GAF Policy No. 3
Rev 1 - 10/20/08
Rev 2 - 03/17/15
- The Goal and Mission of the Grand Army of the Frontier (GAF) is to honor the
memories and achievements of the late Victorian-era military of all nations between 1860
and 1902, with a particular emphasis on American army on the Western Frontier between
1860 and 1900, though the pursuit and sharing of knowledge, and by actively
participating in the hobbies of Cowboy Action Shooting, historical reenacting,
living history programs, skirmishing, social events, and other activities while
wearing appropriate military attire.
- To further honor the memories and achievements of the Victorian-era military, the
GAF encourages its members to wear an appropriate uniform of their choice when
participating in GAF events, or other events in which they represent the GAF. However,
no member of the GAF is required to acquire or wear a uniform.
- The GAF recognizes that our membership includes both veterans and non-veterans, and
makes no limitation or restriction on what uniforms our members wear as long as they are
- These guidelines apply only to the wearing of a period uniform at any GAF sponsored
or hosted event. GAF members attending a non-GAF sponsored or hosted event should apply
good judgment to insure the GAF is not falsely or negatively represented.
- Choosing a Uniform. There are few restrictions on what uniforms are acceptable at
GAF functions, but members can base their decision on one or more of the following
- Personal History. GAF members who served in the armed forces may create an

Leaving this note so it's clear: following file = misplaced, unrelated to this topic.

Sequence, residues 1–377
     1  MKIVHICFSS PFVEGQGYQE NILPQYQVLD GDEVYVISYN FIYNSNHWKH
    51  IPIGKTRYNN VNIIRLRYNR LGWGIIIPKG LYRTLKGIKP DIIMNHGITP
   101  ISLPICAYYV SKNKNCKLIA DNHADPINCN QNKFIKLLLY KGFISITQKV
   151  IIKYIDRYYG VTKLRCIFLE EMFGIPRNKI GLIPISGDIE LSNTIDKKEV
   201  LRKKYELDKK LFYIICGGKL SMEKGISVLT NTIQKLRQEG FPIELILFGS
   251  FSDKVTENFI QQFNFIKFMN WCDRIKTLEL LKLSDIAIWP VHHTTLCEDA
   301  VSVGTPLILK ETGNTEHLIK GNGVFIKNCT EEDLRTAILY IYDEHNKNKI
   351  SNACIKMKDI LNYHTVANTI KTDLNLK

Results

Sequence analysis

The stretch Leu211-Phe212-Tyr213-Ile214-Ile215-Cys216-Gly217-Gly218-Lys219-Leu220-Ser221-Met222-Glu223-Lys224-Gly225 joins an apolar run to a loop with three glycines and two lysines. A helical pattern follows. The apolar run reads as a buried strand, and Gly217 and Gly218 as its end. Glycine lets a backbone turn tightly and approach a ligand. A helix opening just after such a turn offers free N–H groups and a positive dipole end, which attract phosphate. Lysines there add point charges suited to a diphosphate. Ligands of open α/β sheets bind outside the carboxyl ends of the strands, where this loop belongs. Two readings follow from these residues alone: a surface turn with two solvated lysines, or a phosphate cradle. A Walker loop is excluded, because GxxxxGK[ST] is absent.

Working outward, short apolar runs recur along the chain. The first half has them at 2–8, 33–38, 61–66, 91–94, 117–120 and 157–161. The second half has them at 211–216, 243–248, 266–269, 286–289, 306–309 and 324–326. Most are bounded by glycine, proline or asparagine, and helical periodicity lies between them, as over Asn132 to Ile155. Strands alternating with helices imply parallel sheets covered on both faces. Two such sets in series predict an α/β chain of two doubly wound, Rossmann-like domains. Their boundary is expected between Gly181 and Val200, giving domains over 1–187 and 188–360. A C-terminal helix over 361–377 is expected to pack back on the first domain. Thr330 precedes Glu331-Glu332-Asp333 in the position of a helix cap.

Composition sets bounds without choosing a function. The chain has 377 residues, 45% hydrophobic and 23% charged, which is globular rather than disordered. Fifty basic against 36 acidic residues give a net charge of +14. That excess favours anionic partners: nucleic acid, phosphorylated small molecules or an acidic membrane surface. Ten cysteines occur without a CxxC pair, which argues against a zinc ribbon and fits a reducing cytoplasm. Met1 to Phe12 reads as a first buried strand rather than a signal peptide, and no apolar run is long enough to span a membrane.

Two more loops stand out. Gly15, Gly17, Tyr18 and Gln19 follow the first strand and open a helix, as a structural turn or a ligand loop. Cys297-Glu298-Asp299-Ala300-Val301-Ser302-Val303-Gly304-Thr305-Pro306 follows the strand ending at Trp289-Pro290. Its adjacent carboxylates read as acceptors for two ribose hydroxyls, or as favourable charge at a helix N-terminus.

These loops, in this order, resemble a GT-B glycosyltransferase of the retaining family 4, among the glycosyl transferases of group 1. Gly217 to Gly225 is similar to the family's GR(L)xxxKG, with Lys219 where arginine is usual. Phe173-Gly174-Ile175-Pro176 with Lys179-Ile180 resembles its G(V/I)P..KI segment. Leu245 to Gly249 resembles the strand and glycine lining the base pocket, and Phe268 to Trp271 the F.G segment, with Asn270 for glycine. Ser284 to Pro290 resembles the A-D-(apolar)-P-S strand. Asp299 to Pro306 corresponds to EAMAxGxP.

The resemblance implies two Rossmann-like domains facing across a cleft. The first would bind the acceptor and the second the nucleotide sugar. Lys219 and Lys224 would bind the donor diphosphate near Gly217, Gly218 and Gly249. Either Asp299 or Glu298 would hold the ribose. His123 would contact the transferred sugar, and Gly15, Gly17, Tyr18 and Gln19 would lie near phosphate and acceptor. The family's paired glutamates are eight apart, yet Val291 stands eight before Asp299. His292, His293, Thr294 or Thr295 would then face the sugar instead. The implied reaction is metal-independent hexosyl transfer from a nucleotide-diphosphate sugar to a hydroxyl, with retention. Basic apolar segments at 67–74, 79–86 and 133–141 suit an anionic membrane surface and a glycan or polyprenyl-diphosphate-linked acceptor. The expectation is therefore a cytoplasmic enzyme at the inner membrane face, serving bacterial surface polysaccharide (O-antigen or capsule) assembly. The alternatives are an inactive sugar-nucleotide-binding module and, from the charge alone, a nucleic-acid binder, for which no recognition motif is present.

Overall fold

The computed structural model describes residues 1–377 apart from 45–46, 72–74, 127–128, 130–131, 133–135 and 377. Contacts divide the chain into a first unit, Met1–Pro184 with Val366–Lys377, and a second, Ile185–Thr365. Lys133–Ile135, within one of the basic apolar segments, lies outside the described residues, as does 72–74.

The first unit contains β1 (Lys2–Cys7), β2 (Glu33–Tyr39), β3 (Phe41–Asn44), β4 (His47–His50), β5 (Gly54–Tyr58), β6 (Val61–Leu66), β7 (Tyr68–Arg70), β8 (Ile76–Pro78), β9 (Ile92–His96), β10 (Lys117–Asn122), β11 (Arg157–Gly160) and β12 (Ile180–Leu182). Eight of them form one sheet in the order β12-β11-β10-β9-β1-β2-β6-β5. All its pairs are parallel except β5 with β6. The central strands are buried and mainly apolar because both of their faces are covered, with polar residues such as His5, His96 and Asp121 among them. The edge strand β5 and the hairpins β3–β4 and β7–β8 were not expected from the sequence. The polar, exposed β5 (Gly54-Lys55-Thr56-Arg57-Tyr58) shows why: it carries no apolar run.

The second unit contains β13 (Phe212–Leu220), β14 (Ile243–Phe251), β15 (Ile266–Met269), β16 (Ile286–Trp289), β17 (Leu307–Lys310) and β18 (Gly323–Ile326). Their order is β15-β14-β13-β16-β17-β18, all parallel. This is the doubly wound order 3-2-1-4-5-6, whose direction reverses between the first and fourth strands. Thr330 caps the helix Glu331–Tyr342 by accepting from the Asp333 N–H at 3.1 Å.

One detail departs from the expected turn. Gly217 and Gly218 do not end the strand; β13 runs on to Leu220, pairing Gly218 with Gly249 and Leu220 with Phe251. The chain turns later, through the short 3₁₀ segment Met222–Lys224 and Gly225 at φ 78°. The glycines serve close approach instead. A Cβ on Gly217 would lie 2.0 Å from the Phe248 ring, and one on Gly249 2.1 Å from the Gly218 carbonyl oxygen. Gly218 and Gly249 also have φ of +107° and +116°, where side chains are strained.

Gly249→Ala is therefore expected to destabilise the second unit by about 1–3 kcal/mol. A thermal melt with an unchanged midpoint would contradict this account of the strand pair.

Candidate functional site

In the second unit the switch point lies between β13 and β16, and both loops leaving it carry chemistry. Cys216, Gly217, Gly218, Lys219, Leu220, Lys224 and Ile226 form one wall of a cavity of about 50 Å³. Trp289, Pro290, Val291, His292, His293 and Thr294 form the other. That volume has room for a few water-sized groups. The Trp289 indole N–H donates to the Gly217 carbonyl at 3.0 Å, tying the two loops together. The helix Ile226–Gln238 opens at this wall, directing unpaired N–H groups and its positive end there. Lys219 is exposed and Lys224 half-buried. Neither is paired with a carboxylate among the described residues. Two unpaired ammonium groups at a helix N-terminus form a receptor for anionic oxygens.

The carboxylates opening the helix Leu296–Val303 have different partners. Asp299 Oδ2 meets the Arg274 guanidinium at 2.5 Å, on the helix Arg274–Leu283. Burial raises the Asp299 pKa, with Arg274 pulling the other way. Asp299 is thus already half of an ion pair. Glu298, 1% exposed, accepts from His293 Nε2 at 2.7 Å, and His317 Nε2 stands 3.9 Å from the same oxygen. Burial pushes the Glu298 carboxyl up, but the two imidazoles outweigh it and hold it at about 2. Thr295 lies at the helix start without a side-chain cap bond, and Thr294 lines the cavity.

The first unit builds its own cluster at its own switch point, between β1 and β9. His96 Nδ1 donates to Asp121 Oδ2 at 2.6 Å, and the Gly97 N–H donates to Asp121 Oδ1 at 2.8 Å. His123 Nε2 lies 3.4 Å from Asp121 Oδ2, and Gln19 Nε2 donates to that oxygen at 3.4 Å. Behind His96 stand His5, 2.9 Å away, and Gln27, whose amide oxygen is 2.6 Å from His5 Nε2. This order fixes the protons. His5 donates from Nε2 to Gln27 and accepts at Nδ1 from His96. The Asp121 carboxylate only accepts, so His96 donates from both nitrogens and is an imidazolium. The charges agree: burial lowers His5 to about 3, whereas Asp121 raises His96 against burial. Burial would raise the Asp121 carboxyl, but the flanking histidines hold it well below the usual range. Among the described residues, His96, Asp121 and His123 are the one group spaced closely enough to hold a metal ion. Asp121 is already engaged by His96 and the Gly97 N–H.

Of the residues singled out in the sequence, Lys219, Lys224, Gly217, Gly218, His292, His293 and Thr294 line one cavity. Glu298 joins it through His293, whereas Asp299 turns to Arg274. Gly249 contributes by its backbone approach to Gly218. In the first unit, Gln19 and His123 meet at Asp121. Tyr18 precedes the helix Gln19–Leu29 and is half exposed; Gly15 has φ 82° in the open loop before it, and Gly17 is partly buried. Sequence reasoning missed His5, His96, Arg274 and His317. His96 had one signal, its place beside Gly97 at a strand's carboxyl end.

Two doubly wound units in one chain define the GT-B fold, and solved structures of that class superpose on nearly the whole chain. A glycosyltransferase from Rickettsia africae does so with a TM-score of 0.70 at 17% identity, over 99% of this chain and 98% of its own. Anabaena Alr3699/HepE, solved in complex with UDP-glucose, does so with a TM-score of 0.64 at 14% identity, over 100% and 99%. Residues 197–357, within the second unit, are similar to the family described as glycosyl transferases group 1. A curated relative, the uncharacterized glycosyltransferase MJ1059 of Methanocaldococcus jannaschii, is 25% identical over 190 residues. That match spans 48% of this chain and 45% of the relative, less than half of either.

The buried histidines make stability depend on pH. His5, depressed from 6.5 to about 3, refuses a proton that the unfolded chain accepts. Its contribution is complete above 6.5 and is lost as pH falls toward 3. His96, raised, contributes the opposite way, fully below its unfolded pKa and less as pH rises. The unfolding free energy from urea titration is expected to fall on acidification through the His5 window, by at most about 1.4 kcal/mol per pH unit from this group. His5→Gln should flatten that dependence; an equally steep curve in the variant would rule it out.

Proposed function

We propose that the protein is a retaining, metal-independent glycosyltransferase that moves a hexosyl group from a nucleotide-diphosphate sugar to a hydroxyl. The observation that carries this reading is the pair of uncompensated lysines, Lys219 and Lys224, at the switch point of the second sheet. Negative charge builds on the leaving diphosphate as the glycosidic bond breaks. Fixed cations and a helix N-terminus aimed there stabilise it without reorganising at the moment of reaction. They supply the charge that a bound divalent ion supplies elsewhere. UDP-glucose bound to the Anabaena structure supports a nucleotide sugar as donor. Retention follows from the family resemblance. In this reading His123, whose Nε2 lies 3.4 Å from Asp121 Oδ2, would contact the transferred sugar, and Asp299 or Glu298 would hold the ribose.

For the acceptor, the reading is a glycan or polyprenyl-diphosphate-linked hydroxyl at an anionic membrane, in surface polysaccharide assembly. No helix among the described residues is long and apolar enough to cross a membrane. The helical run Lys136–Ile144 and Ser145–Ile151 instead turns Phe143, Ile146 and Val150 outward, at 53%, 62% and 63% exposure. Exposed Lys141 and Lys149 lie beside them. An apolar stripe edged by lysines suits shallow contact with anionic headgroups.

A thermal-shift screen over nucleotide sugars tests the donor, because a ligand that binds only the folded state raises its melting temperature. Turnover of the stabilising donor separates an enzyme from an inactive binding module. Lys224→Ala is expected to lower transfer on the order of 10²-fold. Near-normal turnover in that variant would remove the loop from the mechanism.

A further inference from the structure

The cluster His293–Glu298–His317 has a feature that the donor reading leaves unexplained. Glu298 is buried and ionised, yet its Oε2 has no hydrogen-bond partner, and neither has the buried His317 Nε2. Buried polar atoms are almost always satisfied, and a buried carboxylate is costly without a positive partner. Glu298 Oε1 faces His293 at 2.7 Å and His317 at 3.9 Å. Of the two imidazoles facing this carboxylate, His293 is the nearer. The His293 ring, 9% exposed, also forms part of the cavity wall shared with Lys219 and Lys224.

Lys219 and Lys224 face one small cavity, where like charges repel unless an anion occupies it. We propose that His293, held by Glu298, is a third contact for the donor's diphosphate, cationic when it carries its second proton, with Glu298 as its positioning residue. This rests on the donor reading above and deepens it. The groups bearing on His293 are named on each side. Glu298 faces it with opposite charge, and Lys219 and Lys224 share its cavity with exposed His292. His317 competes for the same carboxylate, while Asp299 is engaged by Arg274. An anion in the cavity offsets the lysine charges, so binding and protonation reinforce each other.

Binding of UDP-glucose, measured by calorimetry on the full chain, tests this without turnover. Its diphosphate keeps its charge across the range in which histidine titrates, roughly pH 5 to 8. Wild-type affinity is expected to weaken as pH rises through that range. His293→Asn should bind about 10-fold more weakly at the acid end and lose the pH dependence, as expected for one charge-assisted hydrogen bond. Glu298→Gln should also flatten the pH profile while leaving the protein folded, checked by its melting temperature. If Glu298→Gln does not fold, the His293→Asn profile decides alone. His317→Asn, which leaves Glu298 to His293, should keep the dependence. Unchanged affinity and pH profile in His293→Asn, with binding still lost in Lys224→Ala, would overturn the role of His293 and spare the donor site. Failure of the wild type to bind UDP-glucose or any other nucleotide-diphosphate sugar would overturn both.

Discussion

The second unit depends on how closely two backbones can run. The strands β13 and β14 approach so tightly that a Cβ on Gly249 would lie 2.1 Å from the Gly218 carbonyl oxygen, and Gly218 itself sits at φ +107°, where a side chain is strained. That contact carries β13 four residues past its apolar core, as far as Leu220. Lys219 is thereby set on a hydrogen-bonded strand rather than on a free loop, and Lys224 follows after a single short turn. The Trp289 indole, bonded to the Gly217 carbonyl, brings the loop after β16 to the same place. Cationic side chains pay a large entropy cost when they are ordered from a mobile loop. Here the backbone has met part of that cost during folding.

equivalent period uniform to honor their actual service. This option may require some
creativity since some services, corps (branches), ranks and occupational fields did
not exist in the Victorian-era the GAF represents and a appropriate equivalent may
need to be chosen.
- Personas. GAF members may develop a persona to help guide them in assembling
their uniform. The most basic information would be to determine when and where you
entered military service, what regiment or corps you served with, where that unit
served and campaigns/battles it was in. Additional information such as when and where
your were born and lived, education, pre-service occupation, and promotion and service
postings can also help establish who and what you are.
- Family History. GAF members may create a uniform to honor an ancestor who served
in the Victorian-era military.
- Specific Interest. GAF members may create a uniform for a unit that served in
their local area, a campaign or battle they are particularly interested in, a specific
unit or individual they have an interest in, to compliment their choice of firearms
for GAF competition, or some other factor.
- Time Period. The Victorian-era, as defined for the GAF is between the years of
1860-1904, or as roughly equates to the black powder cartridge era.
- Some leeway on the exact time period is permitted, depending on the member's
individual interests but should not exceed that of the Crimean War (1854-1855) and
the Pershing Expedition into Mexico (1916). Uniforms of the First World War are not
- Nationality. GAF members may wear the uniform of any nation, country, state,
military or para-military organization that existed during our time period they so
- Service. GAF members may wear the uniform of any military or para-military service,
to include but not restricted to the Army, Navy, Marines, National Guard, Militia,
Territorials, and post-war veteran organizations such as the Grand Army of the
- Para-military is defined as any unit raised during our time period for the purpose
of providing protection against hostile forces or criminals. The Northwest Mounted
Police is an example this type of unit.
- Rank. GAF members may wear any rank they chose but with the understanding that
this does not give them any authority or privilege over other GAF members.
- GAF members who hold a position of responsibility within the GAF are identified
by the use of a Brevet or Acting rank. These members are encouraged, but not